Machine Learning in Catalysis


An RWTH research group led by Professor Franziska Schoenebeck recently published an article in renowned journal Science.


Chair of Organic Chemistry I Professor Franziska Schoenebeck and her research group published the article Accelerated Dinuclear Palladium Catalyst Identification Through Unsupervised Machine Learning in the journal Science in November 2021.

Molecular research, particularly in catalysis, is predominantly driven by intuition-biased trial-and-error experiments, screening approaches, mechanistic studies, and machine learning methods, such as supervised learning. Although these methods have proven to be powerful tools for discovering new catalysts, their implementation suffers from inherent limitations: Screening approaches are typically limited by the commercial availability of the molecules screened and mechanistic studies are difficult to apply to complex problems. Supervised learning methods require huge amounts of experimental data to be predictive. Some issues have therefore arisen for which none of the tools mentioned above has been able to offer a solution yet.

In their recent Science article, Professor Franziska Schoenebeck's research group reports on a new strategy to solve such problems using unsupervised machine learning. In particular, they investigated which phosphine ligands can stabilize palladium in a dinuclear geometry. To date, only four ligands are known to induce the formation of this particular Pd(I) dimer scaffold. The researchers used an unsupervised machine learning algorithm to discover new ligands that form the Pd(I) dimer and expand the repertoire of chemical reactivity. They identified a total of 21 non-intuitive ligands, which could finally be experimentally verified on representative examples. The new methodology allowed the researchers to consider previously unproduced ligands and verify one of them to induce the formation of the desired Pd(I) dimer. Their study demonstrates the power of machine learning when it comes to navigating and filtering the chemical space and enabling non-intuitive suggestions to accelerate the discovery of new catalysts.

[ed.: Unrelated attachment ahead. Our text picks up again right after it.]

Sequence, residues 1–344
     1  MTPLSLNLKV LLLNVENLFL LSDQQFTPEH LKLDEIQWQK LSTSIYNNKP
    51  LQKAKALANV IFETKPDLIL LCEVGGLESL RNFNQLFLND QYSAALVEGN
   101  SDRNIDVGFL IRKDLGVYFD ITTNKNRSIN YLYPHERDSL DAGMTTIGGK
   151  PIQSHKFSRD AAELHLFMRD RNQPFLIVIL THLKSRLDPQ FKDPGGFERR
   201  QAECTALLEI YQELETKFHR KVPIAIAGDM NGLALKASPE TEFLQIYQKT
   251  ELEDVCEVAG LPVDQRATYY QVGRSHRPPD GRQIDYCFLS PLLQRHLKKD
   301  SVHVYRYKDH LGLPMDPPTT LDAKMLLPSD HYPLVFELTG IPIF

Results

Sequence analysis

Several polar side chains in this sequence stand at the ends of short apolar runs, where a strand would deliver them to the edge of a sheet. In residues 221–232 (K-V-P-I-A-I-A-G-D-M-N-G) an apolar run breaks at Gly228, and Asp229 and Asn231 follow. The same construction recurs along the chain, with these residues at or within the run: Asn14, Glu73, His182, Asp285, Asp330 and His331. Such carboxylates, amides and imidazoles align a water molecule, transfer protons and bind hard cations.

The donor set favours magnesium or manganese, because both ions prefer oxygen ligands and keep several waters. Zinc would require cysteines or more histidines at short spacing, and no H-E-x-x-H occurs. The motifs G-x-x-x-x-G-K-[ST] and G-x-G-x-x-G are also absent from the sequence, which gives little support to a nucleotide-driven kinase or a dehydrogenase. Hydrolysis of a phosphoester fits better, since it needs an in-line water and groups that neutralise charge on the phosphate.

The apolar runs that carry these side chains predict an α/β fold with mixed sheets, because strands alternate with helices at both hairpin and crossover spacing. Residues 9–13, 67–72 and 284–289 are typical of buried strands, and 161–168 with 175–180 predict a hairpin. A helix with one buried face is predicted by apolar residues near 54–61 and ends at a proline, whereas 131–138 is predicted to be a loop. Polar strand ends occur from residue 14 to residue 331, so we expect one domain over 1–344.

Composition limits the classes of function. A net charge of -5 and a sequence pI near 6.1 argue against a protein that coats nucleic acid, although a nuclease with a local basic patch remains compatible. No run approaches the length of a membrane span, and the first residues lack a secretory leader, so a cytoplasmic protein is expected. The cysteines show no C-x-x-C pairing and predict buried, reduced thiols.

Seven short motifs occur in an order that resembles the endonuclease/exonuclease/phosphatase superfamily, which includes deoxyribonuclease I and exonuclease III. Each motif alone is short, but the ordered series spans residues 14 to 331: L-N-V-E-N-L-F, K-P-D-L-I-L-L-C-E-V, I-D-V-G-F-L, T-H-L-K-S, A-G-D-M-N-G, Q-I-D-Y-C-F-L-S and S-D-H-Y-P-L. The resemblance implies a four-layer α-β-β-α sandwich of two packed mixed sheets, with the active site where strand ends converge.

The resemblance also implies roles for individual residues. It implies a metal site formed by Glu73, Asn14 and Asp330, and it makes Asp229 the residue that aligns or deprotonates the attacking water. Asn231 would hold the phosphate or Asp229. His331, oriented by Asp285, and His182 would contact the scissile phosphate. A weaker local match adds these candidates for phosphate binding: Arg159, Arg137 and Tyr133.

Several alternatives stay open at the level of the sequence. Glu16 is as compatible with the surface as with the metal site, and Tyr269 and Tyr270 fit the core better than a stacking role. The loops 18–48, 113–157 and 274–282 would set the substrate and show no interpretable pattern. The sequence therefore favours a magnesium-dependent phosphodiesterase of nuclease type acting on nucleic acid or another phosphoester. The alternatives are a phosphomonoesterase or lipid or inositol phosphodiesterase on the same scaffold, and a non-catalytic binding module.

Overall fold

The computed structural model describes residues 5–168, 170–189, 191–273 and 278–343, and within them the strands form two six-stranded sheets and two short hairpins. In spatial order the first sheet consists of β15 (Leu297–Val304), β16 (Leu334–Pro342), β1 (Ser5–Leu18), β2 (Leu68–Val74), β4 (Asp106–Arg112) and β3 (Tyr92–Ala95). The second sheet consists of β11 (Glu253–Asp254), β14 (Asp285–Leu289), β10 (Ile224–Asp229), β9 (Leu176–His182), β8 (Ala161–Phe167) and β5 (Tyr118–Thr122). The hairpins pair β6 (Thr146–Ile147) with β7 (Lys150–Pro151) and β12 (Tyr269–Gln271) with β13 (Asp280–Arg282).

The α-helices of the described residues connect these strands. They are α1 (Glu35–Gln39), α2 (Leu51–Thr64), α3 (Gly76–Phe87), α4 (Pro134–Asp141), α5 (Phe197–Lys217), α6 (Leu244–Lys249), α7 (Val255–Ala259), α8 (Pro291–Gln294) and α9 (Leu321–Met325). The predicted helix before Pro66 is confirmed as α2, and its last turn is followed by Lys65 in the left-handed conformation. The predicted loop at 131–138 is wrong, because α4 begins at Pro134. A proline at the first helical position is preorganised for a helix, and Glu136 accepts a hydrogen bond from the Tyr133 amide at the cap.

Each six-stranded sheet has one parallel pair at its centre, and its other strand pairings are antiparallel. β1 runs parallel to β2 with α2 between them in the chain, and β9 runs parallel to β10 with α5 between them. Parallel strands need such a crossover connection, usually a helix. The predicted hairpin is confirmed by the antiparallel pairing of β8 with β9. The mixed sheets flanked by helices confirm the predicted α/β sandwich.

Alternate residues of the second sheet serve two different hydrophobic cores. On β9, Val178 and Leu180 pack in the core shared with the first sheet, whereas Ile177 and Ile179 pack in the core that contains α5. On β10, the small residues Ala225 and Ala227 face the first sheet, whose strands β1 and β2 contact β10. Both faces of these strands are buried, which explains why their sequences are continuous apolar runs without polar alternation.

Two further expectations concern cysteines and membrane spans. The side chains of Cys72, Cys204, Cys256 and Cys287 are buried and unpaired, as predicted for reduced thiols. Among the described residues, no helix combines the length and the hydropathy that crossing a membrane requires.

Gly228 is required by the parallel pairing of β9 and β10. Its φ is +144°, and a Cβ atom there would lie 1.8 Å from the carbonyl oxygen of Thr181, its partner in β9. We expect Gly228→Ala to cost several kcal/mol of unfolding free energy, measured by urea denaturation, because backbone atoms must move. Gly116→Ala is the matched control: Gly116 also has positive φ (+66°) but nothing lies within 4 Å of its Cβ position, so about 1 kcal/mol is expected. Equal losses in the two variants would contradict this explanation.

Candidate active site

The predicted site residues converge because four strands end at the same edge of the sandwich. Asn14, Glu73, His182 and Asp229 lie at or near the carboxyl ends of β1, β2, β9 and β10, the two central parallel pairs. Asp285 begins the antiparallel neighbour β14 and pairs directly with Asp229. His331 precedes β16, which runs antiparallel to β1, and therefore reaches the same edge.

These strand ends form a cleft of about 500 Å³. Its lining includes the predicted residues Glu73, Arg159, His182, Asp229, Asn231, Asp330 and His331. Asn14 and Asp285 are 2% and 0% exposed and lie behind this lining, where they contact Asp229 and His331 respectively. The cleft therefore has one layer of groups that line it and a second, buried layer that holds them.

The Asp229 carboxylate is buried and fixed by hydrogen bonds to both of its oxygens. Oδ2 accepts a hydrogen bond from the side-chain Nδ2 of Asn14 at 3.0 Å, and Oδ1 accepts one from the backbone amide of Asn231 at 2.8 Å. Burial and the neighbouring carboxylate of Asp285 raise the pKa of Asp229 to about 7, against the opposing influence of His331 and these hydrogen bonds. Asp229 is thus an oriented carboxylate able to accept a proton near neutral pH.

Read the complete article.

Published in:

Science, November 25, 2021:
Vol. 374, Issue 6571, pp. 1134-1140
DOI: 10.1126/science.abj0999